There is a time to stand back and let our children discover for themselves. And a time to use what we know to teach and guide them.
There is a time for our children to be considerate of others. And a time to prioritise their own interests.
There is a time to treat our children. And a time not to.
I’m sure you have your own tightropes to walk as a parent.
You may have noticed that, as a tightrope walker eases themself along the rope, their weight is not perfectly centred for the entire walk – it’s not physically possible. So they do a lot of correcting as they go.
But a tightrope walker doesn’t have the time to do the maths and figure out precisely how far to lean, as they begin to wobble. They make these decisions in the moment, based on the feel. With concentration and full presence, when things feel wobbly, they know instinctively how to correct their balance. As parents, we can feel our way along the rope also. To notice the wobbles and know how to stabalise, we need to concentrate and be fully present, both with ourselves and our children.
When I have been maintaining my personal spiritual practice and I’m present with my boys, I am tuned-in and I find that I know what to say or do much more easily. It usually comes to me in the moment that I need it. If I am teaching one of them something new, I sense what I need to say and I know when I’ve said enough & should leave the rest to them. If I am talking with them about how their behaviour negatively impacted others, I find a way to validate their needs and wants as well. If I’m deciding whether or not to give them a specific treat, I can feel whether this treat is a good idea or not.
I also want to add that every family’s centre is in a slightly different place, which is why being tuned in with ourselves and our children is so important. Centre is not exactly half-way between two opposite ways of doing things, it’s actually the place that feels right. To give an example, I would say that, for my family, there is more standing back and allowing my boys to learn for themselves than explicit teaching.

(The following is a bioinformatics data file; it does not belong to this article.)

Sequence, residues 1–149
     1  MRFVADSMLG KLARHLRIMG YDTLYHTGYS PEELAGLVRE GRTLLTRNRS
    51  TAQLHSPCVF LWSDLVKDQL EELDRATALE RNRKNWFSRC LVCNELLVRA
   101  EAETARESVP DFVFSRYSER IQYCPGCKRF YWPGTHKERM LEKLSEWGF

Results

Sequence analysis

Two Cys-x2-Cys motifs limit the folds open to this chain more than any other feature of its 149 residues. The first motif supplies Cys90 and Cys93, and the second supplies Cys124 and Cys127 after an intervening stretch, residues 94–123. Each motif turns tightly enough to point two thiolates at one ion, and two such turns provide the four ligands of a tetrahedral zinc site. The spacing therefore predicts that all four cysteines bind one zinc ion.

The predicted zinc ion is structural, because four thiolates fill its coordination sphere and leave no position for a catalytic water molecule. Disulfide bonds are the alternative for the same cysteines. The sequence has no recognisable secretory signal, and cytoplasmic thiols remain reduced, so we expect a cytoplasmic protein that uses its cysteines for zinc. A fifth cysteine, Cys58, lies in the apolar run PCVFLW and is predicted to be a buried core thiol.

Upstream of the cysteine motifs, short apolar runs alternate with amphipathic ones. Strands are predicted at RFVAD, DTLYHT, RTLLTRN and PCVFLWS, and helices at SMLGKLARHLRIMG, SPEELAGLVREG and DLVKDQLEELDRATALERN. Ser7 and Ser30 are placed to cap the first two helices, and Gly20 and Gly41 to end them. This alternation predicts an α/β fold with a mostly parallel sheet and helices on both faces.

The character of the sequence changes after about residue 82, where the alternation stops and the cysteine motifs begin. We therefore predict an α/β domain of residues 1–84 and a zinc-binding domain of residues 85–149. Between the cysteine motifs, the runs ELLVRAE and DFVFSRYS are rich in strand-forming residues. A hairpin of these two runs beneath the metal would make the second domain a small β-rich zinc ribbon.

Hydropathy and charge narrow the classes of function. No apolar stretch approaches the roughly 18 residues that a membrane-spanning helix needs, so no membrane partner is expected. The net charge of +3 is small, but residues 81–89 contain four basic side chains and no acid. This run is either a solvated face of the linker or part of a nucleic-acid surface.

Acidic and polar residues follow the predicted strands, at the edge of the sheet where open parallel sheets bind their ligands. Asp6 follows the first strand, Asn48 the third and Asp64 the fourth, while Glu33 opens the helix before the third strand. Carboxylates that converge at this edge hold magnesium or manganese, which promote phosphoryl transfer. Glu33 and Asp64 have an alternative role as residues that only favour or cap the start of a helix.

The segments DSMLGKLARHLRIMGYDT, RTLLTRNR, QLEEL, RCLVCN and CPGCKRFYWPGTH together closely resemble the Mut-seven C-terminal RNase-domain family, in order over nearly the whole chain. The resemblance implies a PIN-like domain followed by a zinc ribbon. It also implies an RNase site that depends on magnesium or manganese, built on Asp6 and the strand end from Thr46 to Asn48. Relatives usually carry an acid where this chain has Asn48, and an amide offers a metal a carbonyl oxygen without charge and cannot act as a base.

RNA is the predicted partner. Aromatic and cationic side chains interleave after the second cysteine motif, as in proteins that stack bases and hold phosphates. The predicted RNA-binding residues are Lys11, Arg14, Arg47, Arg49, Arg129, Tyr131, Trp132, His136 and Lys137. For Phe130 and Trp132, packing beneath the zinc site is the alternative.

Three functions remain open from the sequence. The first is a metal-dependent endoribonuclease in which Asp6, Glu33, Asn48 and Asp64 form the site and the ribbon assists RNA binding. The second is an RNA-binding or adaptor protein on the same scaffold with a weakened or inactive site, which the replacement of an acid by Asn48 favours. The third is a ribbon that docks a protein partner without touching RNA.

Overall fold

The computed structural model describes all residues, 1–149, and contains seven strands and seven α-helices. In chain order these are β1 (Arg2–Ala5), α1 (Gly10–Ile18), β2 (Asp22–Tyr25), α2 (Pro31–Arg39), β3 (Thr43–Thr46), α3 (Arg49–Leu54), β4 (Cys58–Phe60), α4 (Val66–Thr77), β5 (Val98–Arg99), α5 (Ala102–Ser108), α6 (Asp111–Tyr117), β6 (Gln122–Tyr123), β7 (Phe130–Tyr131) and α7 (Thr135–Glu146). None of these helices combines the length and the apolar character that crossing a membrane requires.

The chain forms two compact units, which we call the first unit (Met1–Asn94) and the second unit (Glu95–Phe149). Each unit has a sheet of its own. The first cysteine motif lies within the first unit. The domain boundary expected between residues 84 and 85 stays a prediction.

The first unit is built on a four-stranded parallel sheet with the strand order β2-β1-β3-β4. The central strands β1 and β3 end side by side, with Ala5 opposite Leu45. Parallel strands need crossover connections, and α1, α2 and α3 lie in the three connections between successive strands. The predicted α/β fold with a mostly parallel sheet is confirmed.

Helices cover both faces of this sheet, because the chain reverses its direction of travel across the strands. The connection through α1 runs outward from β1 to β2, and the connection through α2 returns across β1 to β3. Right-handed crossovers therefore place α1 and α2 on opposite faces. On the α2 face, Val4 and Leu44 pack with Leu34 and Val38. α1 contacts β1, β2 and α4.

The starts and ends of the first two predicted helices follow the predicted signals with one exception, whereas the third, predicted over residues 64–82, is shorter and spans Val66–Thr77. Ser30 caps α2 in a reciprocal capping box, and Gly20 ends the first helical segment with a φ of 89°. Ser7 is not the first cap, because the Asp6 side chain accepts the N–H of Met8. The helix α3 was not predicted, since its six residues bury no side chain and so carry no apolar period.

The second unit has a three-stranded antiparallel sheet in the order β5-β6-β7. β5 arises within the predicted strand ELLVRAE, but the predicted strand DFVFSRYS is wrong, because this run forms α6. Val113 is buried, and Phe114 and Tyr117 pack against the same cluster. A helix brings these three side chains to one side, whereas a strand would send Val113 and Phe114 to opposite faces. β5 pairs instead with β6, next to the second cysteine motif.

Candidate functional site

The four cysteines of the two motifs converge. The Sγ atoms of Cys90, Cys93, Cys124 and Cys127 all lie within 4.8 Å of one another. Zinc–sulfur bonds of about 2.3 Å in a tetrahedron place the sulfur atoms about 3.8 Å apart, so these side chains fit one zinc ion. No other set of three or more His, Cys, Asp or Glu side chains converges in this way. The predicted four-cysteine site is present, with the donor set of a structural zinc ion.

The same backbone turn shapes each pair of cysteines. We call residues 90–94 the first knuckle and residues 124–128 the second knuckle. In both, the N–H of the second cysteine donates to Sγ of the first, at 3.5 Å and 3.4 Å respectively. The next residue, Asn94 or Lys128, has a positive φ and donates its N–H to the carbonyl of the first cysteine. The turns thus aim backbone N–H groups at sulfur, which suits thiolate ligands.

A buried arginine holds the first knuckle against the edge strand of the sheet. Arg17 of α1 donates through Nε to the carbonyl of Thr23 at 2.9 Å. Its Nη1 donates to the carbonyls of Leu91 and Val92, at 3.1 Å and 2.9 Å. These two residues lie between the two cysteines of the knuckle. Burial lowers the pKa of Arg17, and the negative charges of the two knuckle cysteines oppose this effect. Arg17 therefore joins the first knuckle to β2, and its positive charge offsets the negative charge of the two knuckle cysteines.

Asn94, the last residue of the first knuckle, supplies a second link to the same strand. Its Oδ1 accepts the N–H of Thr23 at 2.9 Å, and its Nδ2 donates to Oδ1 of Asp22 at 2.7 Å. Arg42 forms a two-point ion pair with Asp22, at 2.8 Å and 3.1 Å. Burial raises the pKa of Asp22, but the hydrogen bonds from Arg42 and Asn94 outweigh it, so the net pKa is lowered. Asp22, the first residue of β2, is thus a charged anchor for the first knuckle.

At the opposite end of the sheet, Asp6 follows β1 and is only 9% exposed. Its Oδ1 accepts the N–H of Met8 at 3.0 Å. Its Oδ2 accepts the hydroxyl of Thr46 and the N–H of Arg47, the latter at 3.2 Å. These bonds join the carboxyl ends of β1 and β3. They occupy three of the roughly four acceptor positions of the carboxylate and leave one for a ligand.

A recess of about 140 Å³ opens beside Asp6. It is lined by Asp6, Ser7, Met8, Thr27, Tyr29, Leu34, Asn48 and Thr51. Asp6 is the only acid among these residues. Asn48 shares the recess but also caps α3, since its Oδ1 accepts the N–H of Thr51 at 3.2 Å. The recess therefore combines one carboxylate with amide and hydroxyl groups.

IN SUMMARY – THE CIRCUS IS COMING TO TOWN!
Actually, parenthood can feel like a full-blown circus at times, with a sense of anything-could-happen. But that’s not all bad – there’s a lot of fun and spontaneity in life with children, the performers have well-developed skill and creativity. As parents, our greatest skill and creativity comes from parenting not only with our bodies and minds, but with our spirits too.
Much love to you and your little souls,
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“When you are kind to others, it not only changes you, it changes the world.” – Harold Kushner
One morning, not long after dropping my son, Jake, off at school, I got a text message from my friend. Jake and her son, Sam, are friends also and go to school together. That morning, Sam had been feeling upset and was reluctant to be left at school. When Jake saw how his friend was feeling, he took care of him and tried to cheer him up. “Jake is such a lovely kid and you should’ve seen it”, the text said.
I really appreciated the text because I needed to be reminded of how kind Jake actually is. Lately, I feel that I’ve spent a lot of time refereeing arguments between my boys and I had forgotten how caring he can be. But, when I read my friend’s message, I could just imagine Jake’s manner – the gentle one he uses to comfort his little brother, Thomas, when he’s hurt or when he’s helping Thomas to put his shoes on.
Coming from Love, kindness is intrinsic in us all. We are born spiritually aligned, with a sense of oneness that wants to be expressed through kindness. In support of this, we are biologically wired to be kind – think of the natural high both the giver & the receiver feel when an act of kindness has been performed.